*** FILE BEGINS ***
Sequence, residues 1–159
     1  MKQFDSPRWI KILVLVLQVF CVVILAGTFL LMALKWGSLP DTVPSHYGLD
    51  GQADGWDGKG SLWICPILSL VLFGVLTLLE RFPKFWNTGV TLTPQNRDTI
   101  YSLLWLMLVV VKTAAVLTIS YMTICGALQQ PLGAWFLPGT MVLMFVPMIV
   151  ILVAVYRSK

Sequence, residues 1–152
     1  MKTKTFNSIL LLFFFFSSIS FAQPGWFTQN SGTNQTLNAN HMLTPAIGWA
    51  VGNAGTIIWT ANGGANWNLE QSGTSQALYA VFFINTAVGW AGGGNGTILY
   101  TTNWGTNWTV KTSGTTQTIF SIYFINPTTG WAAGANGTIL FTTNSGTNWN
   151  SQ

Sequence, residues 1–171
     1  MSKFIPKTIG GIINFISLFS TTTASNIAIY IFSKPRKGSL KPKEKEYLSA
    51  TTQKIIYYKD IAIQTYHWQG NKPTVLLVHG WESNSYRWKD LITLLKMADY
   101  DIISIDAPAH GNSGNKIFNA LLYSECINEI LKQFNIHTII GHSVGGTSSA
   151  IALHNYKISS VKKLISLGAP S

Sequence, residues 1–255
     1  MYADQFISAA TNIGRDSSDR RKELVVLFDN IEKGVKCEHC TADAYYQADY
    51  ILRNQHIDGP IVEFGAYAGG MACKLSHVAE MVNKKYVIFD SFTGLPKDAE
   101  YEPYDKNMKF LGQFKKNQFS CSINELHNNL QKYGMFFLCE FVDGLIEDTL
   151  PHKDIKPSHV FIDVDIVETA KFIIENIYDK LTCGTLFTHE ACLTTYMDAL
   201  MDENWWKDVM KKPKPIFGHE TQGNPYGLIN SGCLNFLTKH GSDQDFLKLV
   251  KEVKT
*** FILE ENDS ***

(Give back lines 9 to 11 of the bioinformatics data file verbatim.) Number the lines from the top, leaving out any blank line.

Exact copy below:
   101  TTNWGTNWTV KTSGTTQTIF SIYFINPTTG WAAGANGTIL FTTNSGTNWN
   151  SQ

Sequence, residues 1–171